casiguapa wrote:YES. YES THEY DO. whether it's £5 or £16, Housing benefit does not cover 100% of your rent because things such as water rates and central heating and hot water which are always included in council rent prices are ineligible for Housing Benefit. How do I know this? When I was unemployed I had to pay it. My rent was £95.76 and my Housing Benefit was £79.40 leaving me to pay £16.36 a week from £50 because my rent includes central heating and hot water and water rates. A friend of mine only pays £5 because her rent DOESN'T include hot water and central heating. Some pay nothing at all because they're in temporary accommodation which means they can't settle down in any community for long before they're moved on.
So your severe doubt is pointless because it's the reality of a lot of claimants.
NO, NO they don't they have to pay their services, as deducted from their rent where services are included
; that is a world of difference (£79.40 a week different in your case) I don't actually think that this is massively fair; as a house with no water or energy to cook with, is actually still not very useful, but it's better than being expected to find the full rent from JSA.
where exactly are all these jobs these unemployed people are supposed to be getting coming from? Or are you saying that because they're unemployed they should work menial jobs that require more hours per week and less money per month whilst making them economically worse off?
I reffer you to one of my statments above:-
TheKrikkitWars wrote:As for the jobs if you want them argument, it's true to an extent ... [there are] plenty of people who can't afford to go into a job because of the added costs of things like childcare which they otherwise wouldn't require decreasing their net income to near nil, even if their gross income would be higher than benefits.
JSA claims for one person is not the same as that of a family. Your case has a dependent involved, there is no way your dad was supporting the family on a single persons JSA. If he was, then he was claiming incorrectly. Joint claims are worth twice the single rate i.e £100 instead of £50 a week. If he was a single parent then he would've been put on income support and not JSA depending on your age at the time of redundancy which would mean that he wouldn't have had to consistently prove he was seeking work as he would've been exempt from that. Lastly it's absolutely no good comparing the cost of living in the early 90s to the cost of living in 2010. It's also no good ignoring that these changes will hit those who live in cities the hardest and they tend to have higher living costs than those in rural areas as it is.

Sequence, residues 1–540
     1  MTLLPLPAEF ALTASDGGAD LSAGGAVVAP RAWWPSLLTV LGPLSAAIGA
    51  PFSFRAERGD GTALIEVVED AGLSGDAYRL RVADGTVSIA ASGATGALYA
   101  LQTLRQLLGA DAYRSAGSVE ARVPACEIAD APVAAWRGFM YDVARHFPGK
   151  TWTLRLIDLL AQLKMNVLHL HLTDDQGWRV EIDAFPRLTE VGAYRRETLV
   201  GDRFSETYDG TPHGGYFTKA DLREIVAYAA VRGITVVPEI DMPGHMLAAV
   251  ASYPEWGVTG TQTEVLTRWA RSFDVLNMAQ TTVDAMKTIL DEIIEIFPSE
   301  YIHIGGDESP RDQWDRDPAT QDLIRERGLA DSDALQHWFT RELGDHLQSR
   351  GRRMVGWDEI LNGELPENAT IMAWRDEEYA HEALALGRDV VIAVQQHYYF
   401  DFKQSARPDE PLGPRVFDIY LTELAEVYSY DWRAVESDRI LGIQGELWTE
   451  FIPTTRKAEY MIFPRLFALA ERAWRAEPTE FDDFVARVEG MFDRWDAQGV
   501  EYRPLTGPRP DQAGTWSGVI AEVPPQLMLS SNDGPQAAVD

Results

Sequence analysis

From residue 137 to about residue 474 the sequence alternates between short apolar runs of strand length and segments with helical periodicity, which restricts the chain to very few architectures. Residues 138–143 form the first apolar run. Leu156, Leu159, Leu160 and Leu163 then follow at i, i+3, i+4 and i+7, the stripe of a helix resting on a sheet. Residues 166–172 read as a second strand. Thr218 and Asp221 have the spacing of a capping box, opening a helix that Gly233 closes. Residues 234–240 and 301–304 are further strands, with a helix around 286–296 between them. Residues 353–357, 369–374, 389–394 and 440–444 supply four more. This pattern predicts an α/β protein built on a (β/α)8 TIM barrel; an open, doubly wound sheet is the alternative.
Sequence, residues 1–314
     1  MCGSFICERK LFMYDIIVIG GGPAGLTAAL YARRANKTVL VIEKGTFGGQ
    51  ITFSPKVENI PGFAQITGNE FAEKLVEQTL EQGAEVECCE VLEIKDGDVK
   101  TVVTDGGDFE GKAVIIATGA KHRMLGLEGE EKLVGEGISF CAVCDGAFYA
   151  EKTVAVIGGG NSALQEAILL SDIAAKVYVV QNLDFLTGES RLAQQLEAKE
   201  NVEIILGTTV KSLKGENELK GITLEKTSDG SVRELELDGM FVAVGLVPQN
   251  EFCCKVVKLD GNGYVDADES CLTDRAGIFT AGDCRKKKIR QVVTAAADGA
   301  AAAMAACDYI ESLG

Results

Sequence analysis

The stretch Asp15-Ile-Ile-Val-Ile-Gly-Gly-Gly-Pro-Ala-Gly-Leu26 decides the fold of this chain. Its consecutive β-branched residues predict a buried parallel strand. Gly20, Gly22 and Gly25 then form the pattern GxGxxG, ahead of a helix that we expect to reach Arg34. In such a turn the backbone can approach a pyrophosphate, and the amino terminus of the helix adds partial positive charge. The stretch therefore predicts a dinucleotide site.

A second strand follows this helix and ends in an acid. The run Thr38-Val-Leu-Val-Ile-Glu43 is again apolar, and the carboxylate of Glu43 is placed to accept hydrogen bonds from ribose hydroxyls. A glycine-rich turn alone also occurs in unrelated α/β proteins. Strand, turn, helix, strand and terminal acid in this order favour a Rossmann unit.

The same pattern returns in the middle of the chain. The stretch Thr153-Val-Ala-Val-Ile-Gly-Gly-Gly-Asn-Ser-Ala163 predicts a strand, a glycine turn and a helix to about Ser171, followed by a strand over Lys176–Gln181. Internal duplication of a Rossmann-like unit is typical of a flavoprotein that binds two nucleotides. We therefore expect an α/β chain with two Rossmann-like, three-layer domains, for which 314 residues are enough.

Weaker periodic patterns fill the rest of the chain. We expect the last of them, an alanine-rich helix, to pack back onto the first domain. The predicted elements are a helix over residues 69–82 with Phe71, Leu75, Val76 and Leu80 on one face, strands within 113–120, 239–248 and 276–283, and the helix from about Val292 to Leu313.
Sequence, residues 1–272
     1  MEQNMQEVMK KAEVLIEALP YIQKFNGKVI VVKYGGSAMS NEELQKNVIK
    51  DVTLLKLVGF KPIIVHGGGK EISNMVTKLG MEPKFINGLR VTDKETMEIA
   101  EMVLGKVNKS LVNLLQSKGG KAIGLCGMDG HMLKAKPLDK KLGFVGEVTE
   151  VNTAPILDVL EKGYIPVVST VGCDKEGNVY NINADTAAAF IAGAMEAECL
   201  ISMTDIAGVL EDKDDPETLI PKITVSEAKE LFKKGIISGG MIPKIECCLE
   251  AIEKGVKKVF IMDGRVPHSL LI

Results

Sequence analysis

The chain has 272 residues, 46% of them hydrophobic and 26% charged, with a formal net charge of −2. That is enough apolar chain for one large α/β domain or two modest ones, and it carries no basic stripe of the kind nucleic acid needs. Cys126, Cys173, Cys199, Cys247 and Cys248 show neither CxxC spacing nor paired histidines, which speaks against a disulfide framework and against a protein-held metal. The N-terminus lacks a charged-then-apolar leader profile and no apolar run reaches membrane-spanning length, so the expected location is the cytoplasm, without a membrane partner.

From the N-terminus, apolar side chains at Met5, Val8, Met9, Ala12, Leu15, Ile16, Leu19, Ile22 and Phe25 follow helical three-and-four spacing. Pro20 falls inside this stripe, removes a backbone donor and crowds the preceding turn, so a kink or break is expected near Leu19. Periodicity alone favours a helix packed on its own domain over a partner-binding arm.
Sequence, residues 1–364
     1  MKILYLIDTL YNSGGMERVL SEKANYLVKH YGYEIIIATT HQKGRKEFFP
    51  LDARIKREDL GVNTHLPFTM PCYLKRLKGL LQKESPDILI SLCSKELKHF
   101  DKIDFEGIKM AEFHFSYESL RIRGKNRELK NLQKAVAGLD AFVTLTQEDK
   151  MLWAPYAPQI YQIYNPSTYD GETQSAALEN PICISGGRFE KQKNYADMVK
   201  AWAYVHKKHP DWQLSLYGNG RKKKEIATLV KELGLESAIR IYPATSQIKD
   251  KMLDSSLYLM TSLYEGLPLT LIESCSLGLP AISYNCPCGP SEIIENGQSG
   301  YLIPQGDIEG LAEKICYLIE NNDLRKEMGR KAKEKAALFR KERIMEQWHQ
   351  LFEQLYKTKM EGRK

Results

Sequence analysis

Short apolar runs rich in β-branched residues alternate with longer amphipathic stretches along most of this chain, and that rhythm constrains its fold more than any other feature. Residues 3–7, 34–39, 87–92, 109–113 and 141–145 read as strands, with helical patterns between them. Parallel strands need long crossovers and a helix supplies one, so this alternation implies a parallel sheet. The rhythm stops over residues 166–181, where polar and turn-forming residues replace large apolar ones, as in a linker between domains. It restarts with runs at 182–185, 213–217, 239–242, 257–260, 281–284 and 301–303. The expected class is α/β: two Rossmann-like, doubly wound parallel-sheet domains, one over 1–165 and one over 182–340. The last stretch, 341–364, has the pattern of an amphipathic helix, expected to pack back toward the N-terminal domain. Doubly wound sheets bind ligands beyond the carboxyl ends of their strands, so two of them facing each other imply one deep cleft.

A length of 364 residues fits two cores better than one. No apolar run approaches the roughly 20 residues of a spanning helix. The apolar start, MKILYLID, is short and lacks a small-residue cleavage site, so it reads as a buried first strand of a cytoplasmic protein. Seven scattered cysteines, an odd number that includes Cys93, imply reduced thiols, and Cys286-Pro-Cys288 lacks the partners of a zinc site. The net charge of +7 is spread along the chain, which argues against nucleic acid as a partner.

As I'm sure you're aware, JSA is means tested after the first 183 days (or from the start if you don't have 2 years of NI contributions/only made NI contributions as a self employed person), my mum had a part time job, which she had no desire to give up (both my parents are too proud for that) and as was revealed to me recently (I'm 20 btw, so the cost of living in the early 2000's is significantly more relevant to the cost of living now than the 1990's, and even so we can assume that JSA has been increased in line with the Retail Price Index at the very least) we were worse off like that than if my mum had been out of work too, (Dad recived ~£20 a week, Mum earned £65 a week plus my monthly family allowance money, which just about paid for me to go though clothes at an alarming rate as I grew from 5'9" to 6'2" in that time). The point that a small family can survive (just) on the money allowed it holds, presumably the same applies to a single person on single person's benefits etc...
In fact the fact that you yourself haven't starved to death, or ended up on the streets indicates that the benefits system provides enough money for people to sustain themselves albeit not comfortably.
So how exactly did all of this get mixed in with the argument over the fact that a significant minority of benefits claimants are making little or no effort to work, even though they could do so without penalty (and that ignores the other signigicant minortity who aren't seeking work because they'd be worse off due to an ill thought out gap in the social security system).